ngin - Norfolk Genetic Information Network
Date:  28 November 2000

While its own biotech introduction goes belly up, the US is seriously increasing its funding for biotechnology -- "not for food on U.S. grocery-store shelves or crops in U.S. fields" but for developing nations.  Now why might that be?

As a recent Greenpeace spokesman in India commented, this is pretty much the last throw of the dice -- if they can't lever this technology into the South, the whole project is dead. Thus, pro-GM scientists tour the Third World, conferences are convened, government to government
agreements are sought, the gene giants say they've never heard of Terminator and they are ready to give away their patents, and biotech-related aid flourishes.

Such disinterestedness!
*  *  *
Foreign-Aid Bill Boosts Spending For Biotechnology to Battle Hunger
- Associated Press, 27 November 2000

WEEKLY FARM: Congress Funds Biotech Research for Humanitarian Aid
By Libby Quaid Associated Press Writer

WASHINGTON - From a taco shell controversy to caterpillar experiments, genetically altered crops are under fire. The government, meanwhile, is increasing its spending on biotechnology - not
for food on American grocery store shelves or crops in American fields, but for battling hunger in developing nations.

President Clinton this month signed a foreign-aid spending bill that contains $30 million for the effort -- more than triple the level for the U.S. Agency for International Development since the agency first incorporated biotechnology into its hunger-fighting campaign.

"This money will help liberate millions the world over from the tyranny of hunger and malnutrition," said Republican Sen. Kit Bond of Missouri, who sought the money. Sen. Bond is a major supporter of biotechnology;  his state is home to several industry and research leaders, including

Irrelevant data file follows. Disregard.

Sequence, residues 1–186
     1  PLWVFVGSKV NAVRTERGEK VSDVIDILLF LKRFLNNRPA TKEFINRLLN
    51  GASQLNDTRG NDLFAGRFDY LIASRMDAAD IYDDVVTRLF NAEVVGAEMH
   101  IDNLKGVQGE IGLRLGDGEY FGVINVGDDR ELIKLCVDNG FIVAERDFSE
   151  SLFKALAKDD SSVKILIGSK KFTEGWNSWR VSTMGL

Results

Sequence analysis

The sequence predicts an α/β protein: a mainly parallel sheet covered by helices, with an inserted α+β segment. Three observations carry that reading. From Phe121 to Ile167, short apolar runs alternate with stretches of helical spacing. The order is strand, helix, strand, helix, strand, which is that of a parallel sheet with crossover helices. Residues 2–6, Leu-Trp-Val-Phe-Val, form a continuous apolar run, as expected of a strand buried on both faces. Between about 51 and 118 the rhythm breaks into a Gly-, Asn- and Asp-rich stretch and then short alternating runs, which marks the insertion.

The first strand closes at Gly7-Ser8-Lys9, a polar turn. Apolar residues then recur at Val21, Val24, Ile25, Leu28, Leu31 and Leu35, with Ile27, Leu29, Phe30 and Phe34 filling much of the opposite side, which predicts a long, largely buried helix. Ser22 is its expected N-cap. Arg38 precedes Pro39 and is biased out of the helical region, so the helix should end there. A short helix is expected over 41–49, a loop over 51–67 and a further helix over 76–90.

Monsanto Co., St. Louis, and the Donald Danforth Plant Science Center.

Critics worry that unforeseen dangers are posed to people and the environment when genes are spliced from one organism to another.

"Before we start promoting biotechnology overseas, let's make sure that it's safe, and get the regulations in place to make sure that it's tested here," said Andrew Kimbrell, director of the nonprofit, Washington-based Center for Food Safety.

Biotechnology's goal, through introduction of a gene from one species to another, is the creation of crops that are more tolerant of drought and resistant to pests and disease. Crops can also be fortified with vitamins or vaccines.

"Golden rice," for example, was engineered to elevate levels of vitamin A. Rice is a food staple for half the world, but it loses its natural vitamin A in the milling process. In August, Monsanto announced it would grant free licenses to use its patented technology for its golden-rice varieties.

The aid agency has laid groundwork for adapting "golden rice" into seed varieties that can be grown by poor farmers in developing countries, as well as another Monsanto-donated technology that will be used to add beta carotene to mustard oil, which is commonly used for cooking in Northern  India and Bangladesh, agency official Robert Bertram said.

He estimated the agency has spent $7 million to $9 million on researching genetically engineered crops during the past several years. Mr. Bertram said his agency will work to ensure safety testing and follow each country's regulations governing modified crops.

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